Pseudomonas aeruginosa 01.jpg
P. aeruginosa colonies on an agar plate
Scientific classification
Migula 1894
Type species
Pseudomonas aeruginosa

P. aeruginosa group

P. aeruginosa
P. alcaligenes
P. anguilliseptica
P. argentinensis
P. borbori
P. citronellolis
P. flavescens
P. mendocina
P. nitroreducens
P. oleovorans
P. pseudoalcaligenes
P. resinovorans
P. straminea

P. chlororaphis group

P. asplenii
P. aurantiaca
P. aureofaciens
P. chlororaphis
P. corrugata
P. fragi
P. lundensis
P. taetrolens

P. fluorescens group

P. antarctica
P. azotoformans
'P. blatchfordae'
P. brassicacearum
P. brenneri
P. cedrina
P. corrugata
P. fluorescens
P. gessardii
P. libanensis
P. mandelii
P. marginalis
P. mediterranea
P. meridiana
P. migulae
P. mucidolens
P. orientalis
P. panacis
P. protegens
P. proteolytica
P. rhodesiae
P. synxantha
P. thivervalensis
P. tolaasii
P. veronii

P. pertucinogena group

P. denitrificans
P. pertucinogena

P. putida group

P. cremoricolorata
P. entomophila
P. fulva
P. monteilii
P. mosselii
P. oryzihabitans
P. parafulva
P. plecoglossicida
P. putida

P. stutzeri group

P. balearica
P. luteola
P. stutzeri

P. syringae group

P. amygdali
P. avellanae
P. caricapapayae
P. cichorii
P. coronafaciens
P. ficuserectae
'P. helianthi'
P. meliae
P. savastanoi
P. syringae
'P. tomato'
P. viridiflava

incertae sedis

P. abietaniphila
P. acidophila
P. agarici
P. alcaliphila
P. alkanolytica
P. amyloderamosa
P. asplenii
P. azotifigens
P. cannabina
P. coenobios
P. congelans
P. costantinii
P. cruciviae
P. delhiensis
P. excibis
P. extremorientalis
P. frederiksbergensis
P. fuscovaginae
P. gelidicola
P. grimontii
P. indica
P. jessenii
P. jinjuensis
P. kilonensis
P. knackmussii
P. koreensis
P. lini
P. lutea
P. moraviensis
P. otitidis
P. pachastrellae
P. palleroniana
P. papaveris
P. peli
P. perolens
P. poae
P. pohangensis
P. protegens
P. psychrophila
P. psychrotolerans
P. rathonis
P. reptilivora
P. resiniphila
P. rhizosphaerae
P. rubescens
P. salomonii
P. segitis
P. septica
P. simiae
P. suis
P. teessidea
P. thermotolerans
P. toyotomiensis
P. tremae
P. trivialis
P. turbinellae
P. tuticorinensis
P. umsongensis
P. vancouverensis
P. vranovensis
P. xanthomarina

Pseudomonas is a genus of Gram-negative, Gammaproteobacteria, belonging to the family Pseudomonadaceae and containing 191 validly described species.[1] The members of the genus demonstrate a great deal of metabolic diversity and consequently are able to colonize a wide range of niches.[2] Their ease of culture in vitro and availability of an increasing number of Pseudomonas strain genome sequences has made the genus an excellent focus for scientific research; the best studied species include P. aeruginosa in its role as an opportunistic human pathogen, the plant pathogen P. syringae, the soil bacterium P. putida, and the plant growth-promoting P. fluorescens.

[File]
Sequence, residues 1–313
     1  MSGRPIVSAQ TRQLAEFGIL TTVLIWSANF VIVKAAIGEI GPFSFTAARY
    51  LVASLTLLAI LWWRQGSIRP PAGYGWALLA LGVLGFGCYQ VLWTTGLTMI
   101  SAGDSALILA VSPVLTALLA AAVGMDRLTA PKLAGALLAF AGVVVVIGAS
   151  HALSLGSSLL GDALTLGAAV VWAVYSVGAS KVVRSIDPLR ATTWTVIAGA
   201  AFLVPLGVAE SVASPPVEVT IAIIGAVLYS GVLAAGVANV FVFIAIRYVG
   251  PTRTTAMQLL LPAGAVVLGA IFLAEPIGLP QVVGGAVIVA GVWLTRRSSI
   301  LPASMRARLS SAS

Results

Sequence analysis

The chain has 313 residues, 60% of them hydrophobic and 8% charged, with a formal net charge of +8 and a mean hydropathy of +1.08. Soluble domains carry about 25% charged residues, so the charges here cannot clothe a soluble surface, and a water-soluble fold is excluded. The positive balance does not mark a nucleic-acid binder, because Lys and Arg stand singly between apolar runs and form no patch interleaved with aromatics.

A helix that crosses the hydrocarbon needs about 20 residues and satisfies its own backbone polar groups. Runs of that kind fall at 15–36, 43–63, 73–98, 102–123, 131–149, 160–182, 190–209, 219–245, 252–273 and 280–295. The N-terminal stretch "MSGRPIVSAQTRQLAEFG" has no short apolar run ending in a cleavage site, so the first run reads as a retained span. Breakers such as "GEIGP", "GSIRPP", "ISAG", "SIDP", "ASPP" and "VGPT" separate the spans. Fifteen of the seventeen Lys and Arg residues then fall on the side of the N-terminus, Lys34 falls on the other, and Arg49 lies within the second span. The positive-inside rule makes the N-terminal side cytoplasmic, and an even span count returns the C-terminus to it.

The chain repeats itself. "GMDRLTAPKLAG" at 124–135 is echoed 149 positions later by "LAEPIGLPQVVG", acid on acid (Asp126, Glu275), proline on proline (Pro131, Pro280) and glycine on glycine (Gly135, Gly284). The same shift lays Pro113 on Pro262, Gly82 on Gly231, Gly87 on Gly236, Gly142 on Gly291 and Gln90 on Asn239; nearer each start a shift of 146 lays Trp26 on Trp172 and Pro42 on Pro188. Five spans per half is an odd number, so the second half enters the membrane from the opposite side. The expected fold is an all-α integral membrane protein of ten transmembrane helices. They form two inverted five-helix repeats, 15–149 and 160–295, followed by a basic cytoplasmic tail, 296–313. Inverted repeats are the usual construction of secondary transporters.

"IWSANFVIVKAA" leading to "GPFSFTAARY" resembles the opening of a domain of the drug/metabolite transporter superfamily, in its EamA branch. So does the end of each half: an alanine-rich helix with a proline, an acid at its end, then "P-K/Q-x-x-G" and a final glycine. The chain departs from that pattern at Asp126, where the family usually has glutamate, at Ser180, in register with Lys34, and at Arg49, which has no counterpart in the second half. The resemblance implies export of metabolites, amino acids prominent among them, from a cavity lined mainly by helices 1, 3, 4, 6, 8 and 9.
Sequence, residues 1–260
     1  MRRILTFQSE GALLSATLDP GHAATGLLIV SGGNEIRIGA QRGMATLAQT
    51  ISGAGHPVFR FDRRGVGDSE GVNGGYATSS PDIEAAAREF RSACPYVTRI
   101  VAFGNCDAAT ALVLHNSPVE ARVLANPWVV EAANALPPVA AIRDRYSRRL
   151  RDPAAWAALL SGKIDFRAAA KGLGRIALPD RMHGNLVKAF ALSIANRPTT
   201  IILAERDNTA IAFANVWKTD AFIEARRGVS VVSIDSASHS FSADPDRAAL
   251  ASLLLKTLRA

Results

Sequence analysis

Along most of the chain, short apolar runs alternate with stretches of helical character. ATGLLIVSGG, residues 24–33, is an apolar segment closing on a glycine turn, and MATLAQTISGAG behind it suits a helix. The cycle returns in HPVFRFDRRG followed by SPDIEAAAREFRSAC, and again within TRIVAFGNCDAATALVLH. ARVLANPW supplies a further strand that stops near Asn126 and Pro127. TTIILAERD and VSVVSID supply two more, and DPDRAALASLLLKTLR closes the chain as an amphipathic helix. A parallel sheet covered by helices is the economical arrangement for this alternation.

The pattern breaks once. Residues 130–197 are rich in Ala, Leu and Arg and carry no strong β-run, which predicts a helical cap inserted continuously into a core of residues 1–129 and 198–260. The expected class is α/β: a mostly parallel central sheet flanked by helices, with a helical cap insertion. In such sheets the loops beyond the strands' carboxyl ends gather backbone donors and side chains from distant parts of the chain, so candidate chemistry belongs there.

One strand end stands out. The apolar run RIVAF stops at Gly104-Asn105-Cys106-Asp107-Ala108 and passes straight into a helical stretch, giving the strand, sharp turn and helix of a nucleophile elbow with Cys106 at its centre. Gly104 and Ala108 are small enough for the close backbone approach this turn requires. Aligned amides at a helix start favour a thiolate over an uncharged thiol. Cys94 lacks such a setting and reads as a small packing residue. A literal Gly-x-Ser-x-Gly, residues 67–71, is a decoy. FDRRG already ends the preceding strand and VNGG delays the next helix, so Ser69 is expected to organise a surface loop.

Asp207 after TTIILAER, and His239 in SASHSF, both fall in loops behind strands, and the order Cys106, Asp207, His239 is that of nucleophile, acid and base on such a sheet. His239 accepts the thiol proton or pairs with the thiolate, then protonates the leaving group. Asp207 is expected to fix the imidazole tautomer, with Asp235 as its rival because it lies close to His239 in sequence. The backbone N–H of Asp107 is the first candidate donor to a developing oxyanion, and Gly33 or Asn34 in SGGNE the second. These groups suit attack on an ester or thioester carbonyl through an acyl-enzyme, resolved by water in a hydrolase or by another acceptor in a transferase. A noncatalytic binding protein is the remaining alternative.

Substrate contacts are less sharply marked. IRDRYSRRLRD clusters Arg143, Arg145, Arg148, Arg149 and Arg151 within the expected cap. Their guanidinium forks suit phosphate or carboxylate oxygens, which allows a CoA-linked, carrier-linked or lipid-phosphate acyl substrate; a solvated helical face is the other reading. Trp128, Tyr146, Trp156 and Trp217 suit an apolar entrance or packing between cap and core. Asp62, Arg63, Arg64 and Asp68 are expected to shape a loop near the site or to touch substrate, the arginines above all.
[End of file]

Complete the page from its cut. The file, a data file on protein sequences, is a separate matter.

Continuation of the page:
Because of their widespread occurrence in water and plant seeds such as dicots, the pseudomonads were observed early in the history of microbiology. The generic name Pseudomonas created for these organisms was defined in rather vague terms by Walter Migula in 1894 and 1900 as a genus of Gram-negative, rod-shaped and polar-flagellated bacteria with some sporulating species,[3][4] the latter statement was later proved incorrect and was due to refractive granules of reserve materials.[5] Despite the vague description, the type species, Pseudomonas pyocyanea (basonym of Pseudomonas aeruginosa), proved the best descriptor.[5]

Classification history

Like most bacterial genera, the pseudomonad[note 1] last common ancestor lived hundreds of millions of years ago. They were initially classified at the end of the 19th century when first identified by Walter Migula. The etymology of the name was not specified at the time and first appeared in the seventh edition of Bergey's Manual of Systematic Bacteriology (the main authority in bacterial nomenclature) as Greek pseudes (ψευδής) "false" and -monas (μονάς/μονάδος) "a single unit", which can mean false unit; however, Migula possibly intended it as false Monas, a nanoflagellated protist[5] (subsequently, the term "monad" was used in the early history of microbiology to denote unicellular organisms). Soon, other species matching Migula's somewhat vague original description were isolated from many natural niches and, at the time, many were assigned to the genus. However, many strains have since been reclassified, based on more recent methodology and use of approaches involving studies of conservative macromolecules.[6]

Recently, 16S rRNA sequence analysis has redefined the taxonomy of many bacterial species.[7] As a result, the genus Pseudomonas includes strains formerly classified in the genera Chryseomonas and Flavimonas.[8] Other strains previously classified in the genus Pseudomonas are now classified in the genera Burkholderia and Ralstonia.[9][10]

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